GRP is the mammalian analogue of bombesin, a 14 amino acid peptide which was first isolated from the skin of two frogs,Bombina bombina andBombina variegata variegata.11 12 Both bombesin and GRP are potent gastrin releasers and acid secretogogues when injected into humans.13-16 Soon after bombesin was discovered in frog skin, a similar gastrin releasing peptide was extracted from the non-antral portion of the pig stomach.17 18 Using specific antibodies to bombesin/GRP, GRP was later demonstrated in the human stomach by immunostaining.19 Of interest, GRP neurones are actually denser in the fundic (oxyntic) mucosa, where acid secreting parietal cells are located, than in the antral (pyloric) mucosa, where gastrin cells (G cells) are located.19

Until recently, no specific GRP antagonist has been available to explore GRP as a potential physiological mediator of vagally mediated gastrin release or of acid secretion during the cephalic phase in humans. Now, a novel synthetic peptide that is a specific peripheral GRP receptor antagonist (GRP-RA) has been tested by Hildebrandet al, and their interesting results are reported in this issue of Gut (see page23).20 Surprisingly, the GRP-RA had no effect on the amount of gastrin released in response to modified sham feeding or in response to normal eating. This suggests that the term “gastrin releasing peptide” may be a misnomer, at least with regard to the physiological action of this neuropeptide. Thus the identity of the non-cholinergic non-GRP stimulant of antral gastrin release during the cephalic phase of acid secretion remains to be determined; it is even possible that the “stimulant” is in fact removal of an endogenous gastrin inhibitor, such as antral somatostatin.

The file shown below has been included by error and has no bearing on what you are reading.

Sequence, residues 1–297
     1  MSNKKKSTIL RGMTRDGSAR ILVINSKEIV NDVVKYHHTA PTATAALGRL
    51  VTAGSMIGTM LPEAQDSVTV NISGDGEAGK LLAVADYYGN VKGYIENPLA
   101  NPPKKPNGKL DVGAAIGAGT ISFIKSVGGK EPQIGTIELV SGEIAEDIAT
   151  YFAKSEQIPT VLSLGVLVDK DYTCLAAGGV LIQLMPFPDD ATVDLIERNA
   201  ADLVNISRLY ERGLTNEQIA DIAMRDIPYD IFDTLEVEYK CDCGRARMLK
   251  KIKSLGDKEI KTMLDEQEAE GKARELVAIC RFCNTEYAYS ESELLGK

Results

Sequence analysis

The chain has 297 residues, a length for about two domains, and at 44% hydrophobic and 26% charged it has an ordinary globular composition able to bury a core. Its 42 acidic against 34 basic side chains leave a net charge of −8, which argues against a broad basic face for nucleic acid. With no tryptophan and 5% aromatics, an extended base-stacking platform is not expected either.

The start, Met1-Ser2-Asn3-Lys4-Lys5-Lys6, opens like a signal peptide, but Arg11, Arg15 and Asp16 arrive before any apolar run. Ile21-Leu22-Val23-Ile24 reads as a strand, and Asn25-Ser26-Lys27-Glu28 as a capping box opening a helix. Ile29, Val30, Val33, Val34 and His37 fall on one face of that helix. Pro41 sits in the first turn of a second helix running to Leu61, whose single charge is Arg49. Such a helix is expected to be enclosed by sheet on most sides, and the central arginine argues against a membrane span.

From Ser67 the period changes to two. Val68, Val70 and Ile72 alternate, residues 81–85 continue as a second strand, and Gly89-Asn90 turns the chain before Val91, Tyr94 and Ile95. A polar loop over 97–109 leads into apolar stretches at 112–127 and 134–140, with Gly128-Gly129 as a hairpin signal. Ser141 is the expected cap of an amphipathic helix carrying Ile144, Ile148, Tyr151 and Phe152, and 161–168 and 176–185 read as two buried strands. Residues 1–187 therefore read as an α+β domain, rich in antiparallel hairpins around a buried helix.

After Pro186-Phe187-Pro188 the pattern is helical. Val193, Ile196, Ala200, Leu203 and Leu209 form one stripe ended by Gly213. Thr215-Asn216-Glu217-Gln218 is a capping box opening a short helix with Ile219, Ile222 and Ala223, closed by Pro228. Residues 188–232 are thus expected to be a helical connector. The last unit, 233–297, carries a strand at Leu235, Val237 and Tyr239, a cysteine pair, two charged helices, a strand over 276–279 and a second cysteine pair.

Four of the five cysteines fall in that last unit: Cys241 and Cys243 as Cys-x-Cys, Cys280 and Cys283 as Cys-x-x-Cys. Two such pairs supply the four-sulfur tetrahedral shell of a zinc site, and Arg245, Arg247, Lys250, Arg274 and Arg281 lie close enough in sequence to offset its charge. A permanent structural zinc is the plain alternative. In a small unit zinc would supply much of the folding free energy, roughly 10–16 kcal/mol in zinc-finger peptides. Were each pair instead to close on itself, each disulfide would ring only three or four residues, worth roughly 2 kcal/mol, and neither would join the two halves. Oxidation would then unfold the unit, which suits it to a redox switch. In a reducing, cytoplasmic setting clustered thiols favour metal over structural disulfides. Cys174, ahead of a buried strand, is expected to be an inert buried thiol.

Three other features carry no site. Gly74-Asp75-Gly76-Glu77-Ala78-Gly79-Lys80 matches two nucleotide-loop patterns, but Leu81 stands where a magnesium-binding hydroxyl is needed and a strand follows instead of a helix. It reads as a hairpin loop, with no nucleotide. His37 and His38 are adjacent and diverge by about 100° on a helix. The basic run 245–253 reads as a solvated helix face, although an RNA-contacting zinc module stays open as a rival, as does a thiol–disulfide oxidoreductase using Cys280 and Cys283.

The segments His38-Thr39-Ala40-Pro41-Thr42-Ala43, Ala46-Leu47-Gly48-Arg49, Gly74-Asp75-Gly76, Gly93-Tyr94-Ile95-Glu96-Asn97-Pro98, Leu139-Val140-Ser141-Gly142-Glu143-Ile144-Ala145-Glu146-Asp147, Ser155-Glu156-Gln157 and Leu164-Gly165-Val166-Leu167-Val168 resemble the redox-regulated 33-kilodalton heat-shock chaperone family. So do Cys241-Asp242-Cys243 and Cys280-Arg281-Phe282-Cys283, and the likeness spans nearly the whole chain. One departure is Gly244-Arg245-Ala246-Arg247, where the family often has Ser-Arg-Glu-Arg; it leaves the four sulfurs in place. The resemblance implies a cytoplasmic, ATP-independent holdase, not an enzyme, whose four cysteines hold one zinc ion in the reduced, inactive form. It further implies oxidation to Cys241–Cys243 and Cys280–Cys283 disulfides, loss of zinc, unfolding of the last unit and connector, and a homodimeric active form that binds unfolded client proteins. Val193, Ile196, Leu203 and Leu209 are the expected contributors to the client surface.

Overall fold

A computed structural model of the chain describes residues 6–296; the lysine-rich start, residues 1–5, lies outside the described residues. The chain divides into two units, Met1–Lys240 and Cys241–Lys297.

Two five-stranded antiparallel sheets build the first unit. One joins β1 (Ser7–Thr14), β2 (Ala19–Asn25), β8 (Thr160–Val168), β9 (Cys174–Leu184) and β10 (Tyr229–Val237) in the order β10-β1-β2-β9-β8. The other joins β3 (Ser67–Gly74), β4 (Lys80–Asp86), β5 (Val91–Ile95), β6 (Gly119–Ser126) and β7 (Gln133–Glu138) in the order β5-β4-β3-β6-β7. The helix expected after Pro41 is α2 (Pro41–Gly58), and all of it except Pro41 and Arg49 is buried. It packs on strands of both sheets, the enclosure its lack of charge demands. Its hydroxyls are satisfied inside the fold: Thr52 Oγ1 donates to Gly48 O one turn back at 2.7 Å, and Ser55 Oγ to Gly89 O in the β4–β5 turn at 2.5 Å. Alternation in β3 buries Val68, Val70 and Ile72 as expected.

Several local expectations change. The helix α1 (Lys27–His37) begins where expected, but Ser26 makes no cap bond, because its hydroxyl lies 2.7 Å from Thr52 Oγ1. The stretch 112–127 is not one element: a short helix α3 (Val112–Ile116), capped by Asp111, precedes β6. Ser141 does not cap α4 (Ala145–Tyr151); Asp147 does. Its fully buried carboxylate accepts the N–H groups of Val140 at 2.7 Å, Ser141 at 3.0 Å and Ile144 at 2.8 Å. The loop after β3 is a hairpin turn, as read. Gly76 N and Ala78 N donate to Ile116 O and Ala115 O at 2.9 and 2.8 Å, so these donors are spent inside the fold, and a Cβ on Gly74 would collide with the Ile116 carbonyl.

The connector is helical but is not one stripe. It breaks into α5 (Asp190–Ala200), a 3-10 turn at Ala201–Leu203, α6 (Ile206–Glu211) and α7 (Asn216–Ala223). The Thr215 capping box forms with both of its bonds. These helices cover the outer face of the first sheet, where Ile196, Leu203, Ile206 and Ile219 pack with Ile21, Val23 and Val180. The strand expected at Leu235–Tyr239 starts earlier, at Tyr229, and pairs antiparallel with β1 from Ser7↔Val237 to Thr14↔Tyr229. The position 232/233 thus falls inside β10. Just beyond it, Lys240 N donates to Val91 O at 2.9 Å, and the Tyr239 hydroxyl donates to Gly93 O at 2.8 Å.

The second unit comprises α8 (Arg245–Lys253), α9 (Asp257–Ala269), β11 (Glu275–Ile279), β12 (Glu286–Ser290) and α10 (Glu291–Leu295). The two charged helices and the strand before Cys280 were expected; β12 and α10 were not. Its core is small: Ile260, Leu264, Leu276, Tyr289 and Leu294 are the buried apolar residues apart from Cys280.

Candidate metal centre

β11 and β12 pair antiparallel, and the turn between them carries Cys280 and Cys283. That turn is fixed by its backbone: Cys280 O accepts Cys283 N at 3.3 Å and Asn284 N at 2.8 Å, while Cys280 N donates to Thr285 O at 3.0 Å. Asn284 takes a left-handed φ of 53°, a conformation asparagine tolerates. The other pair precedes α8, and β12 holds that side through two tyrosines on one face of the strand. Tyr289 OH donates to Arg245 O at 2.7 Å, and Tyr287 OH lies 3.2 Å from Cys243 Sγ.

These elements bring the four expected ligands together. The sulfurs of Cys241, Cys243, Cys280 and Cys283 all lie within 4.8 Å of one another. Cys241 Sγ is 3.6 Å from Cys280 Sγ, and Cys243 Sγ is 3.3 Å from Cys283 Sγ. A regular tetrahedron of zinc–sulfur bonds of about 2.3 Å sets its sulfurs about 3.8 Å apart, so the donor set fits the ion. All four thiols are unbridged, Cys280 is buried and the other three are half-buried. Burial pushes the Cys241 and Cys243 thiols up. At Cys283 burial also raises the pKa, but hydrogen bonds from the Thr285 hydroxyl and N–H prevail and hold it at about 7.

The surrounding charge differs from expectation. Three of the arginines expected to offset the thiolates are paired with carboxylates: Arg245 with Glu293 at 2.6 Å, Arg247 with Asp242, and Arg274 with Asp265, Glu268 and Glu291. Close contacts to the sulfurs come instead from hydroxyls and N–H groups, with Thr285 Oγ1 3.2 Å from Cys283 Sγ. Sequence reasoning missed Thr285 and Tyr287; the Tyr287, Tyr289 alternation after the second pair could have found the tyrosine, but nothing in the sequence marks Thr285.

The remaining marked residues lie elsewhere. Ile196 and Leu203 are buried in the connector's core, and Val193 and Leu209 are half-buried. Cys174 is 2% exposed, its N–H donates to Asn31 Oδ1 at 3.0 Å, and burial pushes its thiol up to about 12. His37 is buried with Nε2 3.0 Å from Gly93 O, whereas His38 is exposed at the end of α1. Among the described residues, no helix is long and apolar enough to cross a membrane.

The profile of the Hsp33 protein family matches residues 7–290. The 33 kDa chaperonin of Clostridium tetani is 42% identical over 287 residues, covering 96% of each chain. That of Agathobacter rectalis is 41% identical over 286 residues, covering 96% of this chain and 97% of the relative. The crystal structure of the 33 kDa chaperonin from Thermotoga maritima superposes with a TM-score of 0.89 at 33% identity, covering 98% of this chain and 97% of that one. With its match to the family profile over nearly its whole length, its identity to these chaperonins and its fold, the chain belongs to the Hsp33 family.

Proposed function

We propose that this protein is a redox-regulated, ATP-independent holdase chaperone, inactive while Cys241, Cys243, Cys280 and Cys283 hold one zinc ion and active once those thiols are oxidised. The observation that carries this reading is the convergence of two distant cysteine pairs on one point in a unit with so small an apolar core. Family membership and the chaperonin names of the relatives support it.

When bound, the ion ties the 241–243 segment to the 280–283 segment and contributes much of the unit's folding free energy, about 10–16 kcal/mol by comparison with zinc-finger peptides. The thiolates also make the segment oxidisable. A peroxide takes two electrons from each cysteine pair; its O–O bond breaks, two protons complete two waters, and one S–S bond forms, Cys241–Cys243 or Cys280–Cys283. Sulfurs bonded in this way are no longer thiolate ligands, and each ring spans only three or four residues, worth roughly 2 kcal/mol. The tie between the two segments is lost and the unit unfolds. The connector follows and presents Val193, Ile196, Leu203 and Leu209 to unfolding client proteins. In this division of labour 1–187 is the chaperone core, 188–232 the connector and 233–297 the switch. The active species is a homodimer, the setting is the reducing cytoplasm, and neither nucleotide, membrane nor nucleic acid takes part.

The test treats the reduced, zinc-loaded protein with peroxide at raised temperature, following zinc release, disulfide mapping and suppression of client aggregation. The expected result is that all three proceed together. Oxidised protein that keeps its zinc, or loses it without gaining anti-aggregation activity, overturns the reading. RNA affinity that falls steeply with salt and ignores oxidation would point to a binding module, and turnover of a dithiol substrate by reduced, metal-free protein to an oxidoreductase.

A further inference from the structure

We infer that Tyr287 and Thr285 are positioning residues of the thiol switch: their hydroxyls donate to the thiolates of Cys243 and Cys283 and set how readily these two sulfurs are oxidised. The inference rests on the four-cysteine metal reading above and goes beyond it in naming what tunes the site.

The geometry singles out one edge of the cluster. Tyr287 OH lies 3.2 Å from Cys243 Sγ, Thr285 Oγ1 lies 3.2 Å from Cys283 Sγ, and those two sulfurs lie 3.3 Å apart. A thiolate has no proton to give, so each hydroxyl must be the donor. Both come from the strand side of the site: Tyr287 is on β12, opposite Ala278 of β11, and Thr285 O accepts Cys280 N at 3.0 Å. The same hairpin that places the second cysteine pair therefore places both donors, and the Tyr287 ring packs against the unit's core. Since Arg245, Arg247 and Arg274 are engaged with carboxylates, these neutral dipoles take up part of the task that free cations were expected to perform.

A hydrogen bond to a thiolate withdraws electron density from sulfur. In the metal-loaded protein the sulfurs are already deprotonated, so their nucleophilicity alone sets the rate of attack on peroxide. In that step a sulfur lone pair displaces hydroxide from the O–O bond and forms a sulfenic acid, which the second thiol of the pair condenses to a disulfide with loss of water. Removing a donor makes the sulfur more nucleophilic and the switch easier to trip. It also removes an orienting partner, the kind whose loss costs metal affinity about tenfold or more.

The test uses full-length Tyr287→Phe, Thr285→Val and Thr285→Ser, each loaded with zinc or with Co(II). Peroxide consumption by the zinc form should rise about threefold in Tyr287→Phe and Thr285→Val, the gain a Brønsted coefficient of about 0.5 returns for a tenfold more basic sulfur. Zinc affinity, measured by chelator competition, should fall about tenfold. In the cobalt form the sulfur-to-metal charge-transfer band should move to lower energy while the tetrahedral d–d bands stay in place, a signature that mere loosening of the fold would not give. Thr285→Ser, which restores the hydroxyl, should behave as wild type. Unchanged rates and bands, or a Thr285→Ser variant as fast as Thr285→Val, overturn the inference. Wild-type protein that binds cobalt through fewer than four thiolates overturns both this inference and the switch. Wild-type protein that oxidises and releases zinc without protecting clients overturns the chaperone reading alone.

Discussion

An equally important finding in the study by Hildebrandet al was that the same dose of GRP receptor antagonist that had no detectable effect on gastrin release (500 μg/kg/h) abolished the gastric acid secretory response to modified sham feeding, and it also abolished acid secretion in response to intravenous GRP infusion. This striking observation implies a critical role for GRP neurones, presumably those located in the fundic (oxyntic) mucosa, in the regulation of gastric acid secretion during the cephalic phase. Activated by the thought, taste, smell, and sight of food, the vagus nerves may stimulate release of GRP from these intramural gastric neurones, which then might evoke acetylcholine release from postganglionic neurones, with acetylcholine binding muscarinic receptors located on parietal cells. This hypothetical cascade remains to be tested experimentally. It is conceivable that drugs that selectively inhibit GRP receptors in the stomach can be developed as acid antisecretory drugs, resulting in a “medical” vagotomy. We have learned a great deal about the cephalic phase of acid secretion since the pioneering studies in Pavlov's dogs, but clearly we still have a great deal more to learn. Neuronal GRP appears to be a critical piece of the puzzle.